IEEE International Conference on Communications, Control, and Computing Technologies for Smart Grids
25–28 October 2021 // Aachen, Germany
Hybrid: In-Person and Virtual Conference


SmartGridComm will include 5 tutorials.

All the tutorials will be delivered virtually on Monday, 25 October 2021.

9:00-11:00 CET
TUT-01: A Unified Control Framework for Real-Time Power System Operation

11:00-13:00 CET
TUT-02: Moving Target Defence Against Stealthy Attacks in Power Grids

13:00-15:00 CET
TUT-03: Malware Analysis and Detection

15:00-17:00 CET
TUT-04: Optimization of DERs for Grid Services in Active Power Distribution Systems

17:00-19:00 CET
TUT-05: Cybersecurity Vulnerabilities in the Power Grid: AI-Enabled Analysis and Decision Making

TUT-01: A Unified Control Framework for Real-Time Power System Operation

Date: Monday, 25 October 2021
Time: 9:00-11:00 CET

Organizer: Lukas Ortmann, ETH

With the increase in solar and wind generation and the deployment of more electric vehicles, the electric power system is going through an unprecedented transformation which render today’s real-time control architecture ineffective. This transition calls for more elaborated real-time control strategies for voltage regulation, line congestion control, and power curtailment. We propose a unified control framework that enables autonomous grid control beyond the state-of-the-art. The key idea is to turn iterative optimization algorithms into robust output-feedback controllers. These controllers, instead of tracking a given reference, drive the system to the optimum of a user-defined optimization problem. Furthermore, these controllers can naturally deal with input and output constraints and are proven to be robust against model mismatch, both in theory and in experiments.

In this tutorial, we will present the theoretical foundation of this framework and present the results of a three year collaboration with the French transmission grid operator, including numerical simulations on a real part of the French subtransmission grid. Furthermore, we will present an experimental demonstration of the controller on a distribution feeder. The attendees will be given access to benchmarks and code to repeat our numerical experiments and compare their own solutions to the proposed approach.

TUT-02: Moving Target Defence Against Stealthy Attacks in Power Grids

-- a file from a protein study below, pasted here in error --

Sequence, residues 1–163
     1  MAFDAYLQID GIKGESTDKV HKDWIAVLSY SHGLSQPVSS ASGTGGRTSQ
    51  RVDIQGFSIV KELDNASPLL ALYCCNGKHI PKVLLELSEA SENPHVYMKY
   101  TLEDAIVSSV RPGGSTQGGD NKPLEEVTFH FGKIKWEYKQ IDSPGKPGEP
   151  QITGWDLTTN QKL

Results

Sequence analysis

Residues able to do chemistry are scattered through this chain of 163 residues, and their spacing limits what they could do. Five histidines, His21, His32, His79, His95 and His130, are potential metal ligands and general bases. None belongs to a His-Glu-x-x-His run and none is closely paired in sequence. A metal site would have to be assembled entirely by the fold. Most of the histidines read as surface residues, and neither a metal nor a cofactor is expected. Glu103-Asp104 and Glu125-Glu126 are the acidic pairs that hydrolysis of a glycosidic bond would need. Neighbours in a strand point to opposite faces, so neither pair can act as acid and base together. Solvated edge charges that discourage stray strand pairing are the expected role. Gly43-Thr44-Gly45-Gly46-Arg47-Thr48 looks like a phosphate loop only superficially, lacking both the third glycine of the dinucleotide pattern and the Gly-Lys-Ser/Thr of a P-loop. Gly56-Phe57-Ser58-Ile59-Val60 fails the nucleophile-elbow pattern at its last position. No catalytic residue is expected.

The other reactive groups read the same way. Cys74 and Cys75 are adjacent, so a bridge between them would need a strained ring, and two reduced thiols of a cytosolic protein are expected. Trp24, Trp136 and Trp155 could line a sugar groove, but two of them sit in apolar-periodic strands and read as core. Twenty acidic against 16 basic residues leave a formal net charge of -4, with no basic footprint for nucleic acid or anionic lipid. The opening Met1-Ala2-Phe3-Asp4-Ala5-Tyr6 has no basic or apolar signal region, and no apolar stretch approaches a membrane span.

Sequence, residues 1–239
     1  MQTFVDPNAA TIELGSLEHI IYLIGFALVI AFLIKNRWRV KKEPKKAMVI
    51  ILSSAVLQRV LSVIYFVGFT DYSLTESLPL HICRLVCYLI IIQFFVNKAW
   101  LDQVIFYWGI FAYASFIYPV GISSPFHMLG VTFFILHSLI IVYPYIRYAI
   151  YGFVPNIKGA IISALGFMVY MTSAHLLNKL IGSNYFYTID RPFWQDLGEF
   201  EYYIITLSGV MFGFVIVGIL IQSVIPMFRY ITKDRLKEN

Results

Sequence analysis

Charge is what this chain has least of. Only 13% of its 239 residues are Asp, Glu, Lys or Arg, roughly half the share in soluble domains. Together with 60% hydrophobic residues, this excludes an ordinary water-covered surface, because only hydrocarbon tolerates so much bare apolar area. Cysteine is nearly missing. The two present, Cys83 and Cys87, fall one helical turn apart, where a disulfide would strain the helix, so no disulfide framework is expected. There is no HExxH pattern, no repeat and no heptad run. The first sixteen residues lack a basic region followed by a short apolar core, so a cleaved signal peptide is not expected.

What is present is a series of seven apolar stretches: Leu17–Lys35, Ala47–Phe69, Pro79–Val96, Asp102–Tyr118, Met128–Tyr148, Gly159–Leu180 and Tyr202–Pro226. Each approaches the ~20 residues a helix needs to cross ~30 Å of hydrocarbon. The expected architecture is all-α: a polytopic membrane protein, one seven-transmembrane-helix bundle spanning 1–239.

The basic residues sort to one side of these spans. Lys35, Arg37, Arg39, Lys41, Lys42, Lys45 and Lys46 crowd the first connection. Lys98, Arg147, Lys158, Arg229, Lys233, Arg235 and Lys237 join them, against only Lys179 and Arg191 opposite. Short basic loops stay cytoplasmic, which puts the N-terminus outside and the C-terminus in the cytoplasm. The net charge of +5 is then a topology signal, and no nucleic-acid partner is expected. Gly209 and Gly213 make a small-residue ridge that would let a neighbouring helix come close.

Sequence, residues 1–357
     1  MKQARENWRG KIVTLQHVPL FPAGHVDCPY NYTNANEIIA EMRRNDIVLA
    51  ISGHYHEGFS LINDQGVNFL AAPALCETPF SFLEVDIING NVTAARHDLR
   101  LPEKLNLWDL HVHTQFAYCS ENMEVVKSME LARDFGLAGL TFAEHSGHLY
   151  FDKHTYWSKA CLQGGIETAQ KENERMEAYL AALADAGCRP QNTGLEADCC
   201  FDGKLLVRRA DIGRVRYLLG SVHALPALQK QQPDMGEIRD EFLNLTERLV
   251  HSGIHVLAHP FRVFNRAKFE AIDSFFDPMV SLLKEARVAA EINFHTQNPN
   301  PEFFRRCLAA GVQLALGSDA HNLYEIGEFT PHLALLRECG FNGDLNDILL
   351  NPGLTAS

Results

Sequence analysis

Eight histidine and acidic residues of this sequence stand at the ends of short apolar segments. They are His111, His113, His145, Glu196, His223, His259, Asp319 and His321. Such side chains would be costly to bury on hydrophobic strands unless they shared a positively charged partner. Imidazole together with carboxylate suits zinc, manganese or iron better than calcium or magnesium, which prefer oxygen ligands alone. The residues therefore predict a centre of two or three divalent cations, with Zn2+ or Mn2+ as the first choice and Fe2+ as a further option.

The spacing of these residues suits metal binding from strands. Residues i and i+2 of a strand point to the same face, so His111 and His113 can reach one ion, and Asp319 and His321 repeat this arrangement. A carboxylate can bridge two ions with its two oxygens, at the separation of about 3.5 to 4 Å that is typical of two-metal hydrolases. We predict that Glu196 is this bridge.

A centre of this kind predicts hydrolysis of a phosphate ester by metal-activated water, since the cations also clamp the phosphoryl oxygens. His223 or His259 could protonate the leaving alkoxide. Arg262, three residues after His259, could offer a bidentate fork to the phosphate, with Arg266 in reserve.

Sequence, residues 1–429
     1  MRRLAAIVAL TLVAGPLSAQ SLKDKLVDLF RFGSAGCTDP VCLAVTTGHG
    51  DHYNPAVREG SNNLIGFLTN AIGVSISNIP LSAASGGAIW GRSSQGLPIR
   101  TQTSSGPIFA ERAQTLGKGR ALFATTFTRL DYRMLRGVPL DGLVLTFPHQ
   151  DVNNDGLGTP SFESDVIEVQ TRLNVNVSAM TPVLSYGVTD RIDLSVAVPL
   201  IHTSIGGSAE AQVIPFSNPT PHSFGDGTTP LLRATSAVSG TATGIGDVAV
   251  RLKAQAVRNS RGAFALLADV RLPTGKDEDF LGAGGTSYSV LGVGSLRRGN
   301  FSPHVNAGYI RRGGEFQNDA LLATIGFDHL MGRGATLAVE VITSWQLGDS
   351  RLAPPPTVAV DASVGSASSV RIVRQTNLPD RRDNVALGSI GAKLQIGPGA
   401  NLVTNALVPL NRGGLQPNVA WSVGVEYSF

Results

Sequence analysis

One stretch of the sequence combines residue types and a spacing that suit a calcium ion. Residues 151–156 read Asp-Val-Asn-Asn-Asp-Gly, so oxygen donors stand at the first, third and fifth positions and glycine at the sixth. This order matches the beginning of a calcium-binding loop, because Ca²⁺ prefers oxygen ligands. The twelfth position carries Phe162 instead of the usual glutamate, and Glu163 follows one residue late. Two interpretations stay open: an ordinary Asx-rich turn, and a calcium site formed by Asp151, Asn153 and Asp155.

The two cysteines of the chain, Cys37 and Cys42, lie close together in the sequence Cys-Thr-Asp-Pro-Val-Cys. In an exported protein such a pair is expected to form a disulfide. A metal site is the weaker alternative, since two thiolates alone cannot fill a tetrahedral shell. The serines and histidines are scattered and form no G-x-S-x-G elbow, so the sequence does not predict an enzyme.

Date: Monday, 25 October 2021
Time: 11:00-13:00 CET

Organizer: Subhash Lakshminarayana, U. Warwick

The power grid state estimation (SE) has been known to be vulnerable to False data injection (FDI) attacks that are crafted using the detailed knowledge of the system model. Securing the power grid against such stealthy attacks has been a long-standing problem. Recently, a novel defence strategy, namely, moving target defense (MTD), as an active defence strategy, has been shown to be effective in thwarting such attacks. The key idea behind MTD is to introduce periodic/event-triggered controlled changes to the power grid's SCADA network/ physical plant, thereby invalidating the knowledge attackers use for crafting their attacks. Thus, attacks crafted using outdated system knowledge can be detected. MTD can be implemented as a standalone defence strategy or integrated with other defence strategies (such as date-driven detectors) to form a layered-protection against FDI attacks. Similar idea can also be applied in other cyber-physical systems (CPS).

The tutorial will present a comprehensive overview of MTD in power grids. It will specifically focus on MTD based on active perturbation of power grid's transmission line reactances using distributed flexible AC transmission devices (D-FACTS). The fundamental problem of optimal design of MTD, in combination with other defence strategies, to balance the cost and effectiveness will be thoroughly discussed. Future development of MTD in power grid and other CPS will be identified. We aim to cover the following aspects in this context. (i) Design of MTD perturbation that effectively invalidate the attacker's knowledge. (ii)Assess the impact of MTD perturbations on the power grid's operational cost. (iii) Cost-bene t analysis and deployment questions of MTD in power grids. (iv) Design and implementation of stealth MTD under machine learning-based FDI (v) Development of event-triggered MTD, as a layter protection, to balance the effectiveness and cost.